Tooth Sensitivity After Filling

Fillings are one of the most common dental procedures that are done in dental offices across the United States. Commonly required to treat children and adults alike, fillings are used to not only fill cavities but also to remedy broken or chipped teeth. Temporary or permanent, the fillings that dentists provide serve two main purposes: to treat and prevent further decay. At the same time, fillings typically provide some degree of pain relief, as well, as exposing a damaged or decayed tooth to air, water, and food can cause discomfort.

Steps in Filling a Tooth

Before filling a tooth for you or your child, your dentist will use a numbing agent. This is normally applied via insertion with a needle, which can be disconcerting for both children and adults. It can be helpful to have games or toys on hand to distract children from this task.

Once the area is numbed, the decayed or damaged part of the tooth is removed with a dental drill. This is not a painful procedure, but it can be loud; it might be helpful for children who are easily stressed by loud noises to wear noise-cancelling headphones.

Finally, the filling itself – usually a dental composite, metal amalgam, or porcelain – is applied and shaped, and then hardened with a special ultraviolet light.

Understanding and Treating Tooth Sensitivity Following a Filling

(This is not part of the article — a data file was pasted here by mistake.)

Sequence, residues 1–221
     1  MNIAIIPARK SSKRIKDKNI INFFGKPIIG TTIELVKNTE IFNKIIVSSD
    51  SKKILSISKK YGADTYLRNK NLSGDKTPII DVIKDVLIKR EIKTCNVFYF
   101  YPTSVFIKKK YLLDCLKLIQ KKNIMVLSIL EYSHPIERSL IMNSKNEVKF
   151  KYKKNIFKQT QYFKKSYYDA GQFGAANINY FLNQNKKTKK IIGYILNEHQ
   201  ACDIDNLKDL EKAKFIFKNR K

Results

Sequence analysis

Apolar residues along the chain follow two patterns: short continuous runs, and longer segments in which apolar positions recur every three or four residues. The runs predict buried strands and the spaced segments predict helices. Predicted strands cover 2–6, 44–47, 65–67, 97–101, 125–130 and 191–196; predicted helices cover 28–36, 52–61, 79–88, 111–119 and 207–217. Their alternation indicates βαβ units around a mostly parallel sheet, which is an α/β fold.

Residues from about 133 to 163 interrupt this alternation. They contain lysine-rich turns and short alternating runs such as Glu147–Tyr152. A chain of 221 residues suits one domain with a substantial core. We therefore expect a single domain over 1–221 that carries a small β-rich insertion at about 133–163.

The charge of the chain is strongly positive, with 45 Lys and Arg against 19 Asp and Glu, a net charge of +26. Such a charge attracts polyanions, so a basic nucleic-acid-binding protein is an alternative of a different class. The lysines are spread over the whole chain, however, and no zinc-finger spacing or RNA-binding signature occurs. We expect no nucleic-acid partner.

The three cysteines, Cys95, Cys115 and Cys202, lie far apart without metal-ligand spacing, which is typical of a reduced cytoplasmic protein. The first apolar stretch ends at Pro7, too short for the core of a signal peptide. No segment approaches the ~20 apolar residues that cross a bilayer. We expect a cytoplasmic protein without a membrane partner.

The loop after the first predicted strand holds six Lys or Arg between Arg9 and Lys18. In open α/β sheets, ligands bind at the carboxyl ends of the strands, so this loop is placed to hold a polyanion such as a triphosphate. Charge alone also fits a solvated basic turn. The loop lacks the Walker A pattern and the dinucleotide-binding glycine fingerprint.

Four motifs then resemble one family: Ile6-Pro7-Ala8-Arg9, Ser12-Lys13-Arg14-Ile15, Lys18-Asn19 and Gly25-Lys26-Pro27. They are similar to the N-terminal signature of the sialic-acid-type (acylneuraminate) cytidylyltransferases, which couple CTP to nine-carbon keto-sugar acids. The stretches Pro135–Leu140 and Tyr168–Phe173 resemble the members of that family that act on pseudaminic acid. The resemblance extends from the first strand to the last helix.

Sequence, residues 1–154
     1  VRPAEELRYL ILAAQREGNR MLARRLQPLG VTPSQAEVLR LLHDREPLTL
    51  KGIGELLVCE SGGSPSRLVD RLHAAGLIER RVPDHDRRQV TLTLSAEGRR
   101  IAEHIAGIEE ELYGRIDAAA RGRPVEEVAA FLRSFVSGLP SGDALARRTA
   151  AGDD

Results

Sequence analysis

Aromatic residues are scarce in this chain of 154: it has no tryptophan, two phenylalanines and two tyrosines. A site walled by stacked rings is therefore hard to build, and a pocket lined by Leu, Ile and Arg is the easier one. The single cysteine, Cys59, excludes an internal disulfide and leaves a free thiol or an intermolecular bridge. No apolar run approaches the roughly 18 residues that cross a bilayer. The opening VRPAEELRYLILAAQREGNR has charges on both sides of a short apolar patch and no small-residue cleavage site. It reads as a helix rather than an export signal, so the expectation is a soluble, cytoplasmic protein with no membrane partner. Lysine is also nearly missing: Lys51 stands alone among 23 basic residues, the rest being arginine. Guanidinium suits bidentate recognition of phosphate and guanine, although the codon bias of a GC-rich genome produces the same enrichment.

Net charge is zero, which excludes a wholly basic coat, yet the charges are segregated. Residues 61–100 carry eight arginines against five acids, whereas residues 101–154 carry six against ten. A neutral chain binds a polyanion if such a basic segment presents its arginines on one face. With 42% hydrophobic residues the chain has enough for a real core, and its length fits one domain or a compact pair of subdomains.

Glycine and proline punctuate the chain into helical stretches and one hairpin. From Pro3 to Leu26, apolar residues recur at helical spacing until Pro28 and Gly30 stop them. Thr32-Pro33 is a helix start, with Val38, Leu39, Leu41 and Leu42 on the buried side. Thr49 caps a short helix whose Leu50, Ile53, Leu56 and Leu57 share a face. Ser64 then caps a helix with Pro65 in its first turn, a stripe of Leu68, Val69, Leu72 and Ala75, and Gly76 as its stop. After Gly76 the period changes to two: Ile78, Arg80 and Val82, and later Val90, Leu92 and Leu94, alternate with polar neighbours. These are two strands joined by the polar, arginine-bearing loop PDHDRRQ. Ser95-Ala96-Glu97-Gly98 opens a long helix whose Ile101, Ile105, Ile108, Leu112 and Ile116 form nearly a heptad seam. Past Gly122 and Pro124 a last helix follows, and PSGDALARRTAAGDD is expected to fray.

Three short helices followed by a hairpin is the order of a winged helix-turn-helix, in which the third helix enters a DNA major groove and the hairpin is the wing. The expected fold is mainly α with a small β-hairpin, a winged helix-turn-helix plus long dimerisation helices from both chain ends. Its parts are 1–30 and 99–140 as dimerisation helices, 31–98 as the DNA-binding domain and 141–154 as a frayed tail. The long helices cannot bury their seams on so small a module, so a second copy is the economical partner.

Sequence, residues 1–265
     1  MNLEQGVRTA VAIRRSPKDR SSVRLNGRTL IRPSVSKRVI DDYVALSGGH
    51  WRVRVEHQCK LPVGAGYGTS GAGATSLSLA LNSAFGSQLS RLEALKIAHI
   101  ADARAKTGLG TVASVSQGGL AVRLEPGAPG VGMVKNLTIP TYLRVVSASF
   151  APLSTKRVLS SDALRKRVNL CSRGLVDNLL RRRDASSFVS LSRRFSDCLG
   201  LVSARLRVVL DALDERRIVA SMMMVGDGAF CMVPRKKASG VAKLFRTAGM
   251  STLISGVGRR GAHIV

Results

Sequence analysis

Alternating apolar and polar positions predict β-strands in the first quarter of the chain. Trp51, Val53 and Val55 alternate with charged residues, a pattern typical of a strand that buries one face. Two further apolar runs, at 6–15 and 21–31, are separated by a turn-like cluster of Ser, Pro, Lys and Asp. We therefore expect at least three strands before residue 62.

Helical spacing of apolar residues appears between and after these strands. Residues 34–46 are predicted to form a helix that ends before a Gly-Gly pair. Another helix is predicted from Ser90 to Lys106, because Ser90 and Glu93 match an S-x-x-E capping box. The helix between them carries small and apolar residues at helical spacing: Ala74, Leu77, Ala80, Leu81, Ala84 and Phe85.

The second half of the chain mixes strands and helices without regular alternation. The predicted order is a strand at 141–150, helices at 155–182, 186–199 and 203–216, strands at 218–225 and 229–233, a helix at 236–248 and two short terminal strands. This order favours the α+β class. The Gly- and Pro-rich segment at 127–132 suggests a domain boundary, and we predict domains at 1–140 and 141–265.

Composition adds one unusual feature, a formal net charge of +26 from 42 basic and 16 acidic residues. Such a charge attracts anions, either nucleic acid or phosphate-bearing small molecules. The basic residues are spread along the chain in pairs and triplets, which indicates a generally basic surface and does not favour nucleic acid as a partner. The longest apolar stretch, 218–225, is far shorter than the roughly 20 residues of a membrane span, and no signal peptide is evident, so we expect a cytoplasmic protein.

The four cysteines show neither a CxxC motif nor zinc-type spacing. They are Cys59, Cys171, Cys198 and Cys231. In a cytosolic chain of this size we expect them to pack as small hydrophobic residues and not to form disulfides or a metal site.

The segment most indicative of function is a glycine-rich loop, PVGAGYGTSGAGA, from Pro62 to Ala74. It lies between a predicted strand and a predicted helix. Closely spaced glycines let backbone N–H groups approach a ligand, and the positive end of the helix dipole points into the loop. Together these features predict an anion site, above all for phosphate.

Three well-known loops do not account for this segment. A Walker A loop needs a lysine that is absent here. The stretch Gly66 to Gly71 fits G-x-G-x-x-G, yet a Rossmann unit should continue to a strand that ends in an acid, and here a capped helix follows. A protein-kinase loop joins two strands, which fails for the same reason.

Because fillings include drilling and other manipulation of the teeth, it is natural and normal for them to feel a little sore in the days following a filling. Typically, this soreness is simply increased sensitivity. If you or your child is experiencing tooth sensitivity after a filling, you might consider using a special toothpaste designed for sensitive teeth for a few days. Desensitizing toothpastes can be purchased over the counter at drug stores and groceries and can help lessen the sensitivity that is felt following a filling or other dental procedure. These toothpastes can be used two times a day for as long as needed.

Furthermore, it is best to avoid especially hot or cold foods and beverages during this time. Extreme temperatures can exacerbate tooth sensitivity a great deal. This increased sensitivity should gradually dissipate.

Finally, you’ll want to be mindful of the kinds of foods you are eating and serving following a dental filling. As teeth can be a bit sore, you’ll want to forego any foods that are especially hard/crunchy, tough, or chewy. Soft, easy to chew foods are best during the days following a dental filling; if eating is still bothersome, you can try limiting your chewing to one side of the mouth to put less stress on the affected area.

Other Considerations

While tooth sensitivity is normal in the days following a dental procedure like a filling, it is not expected that you should experience any sharp pain, bleeding, swelling, or pus/discharge. If you or your child develop any of these symptoms, which could be signs of an infection, it is important to contact your dentist right away for an examination.

Types of Tooth Fillings

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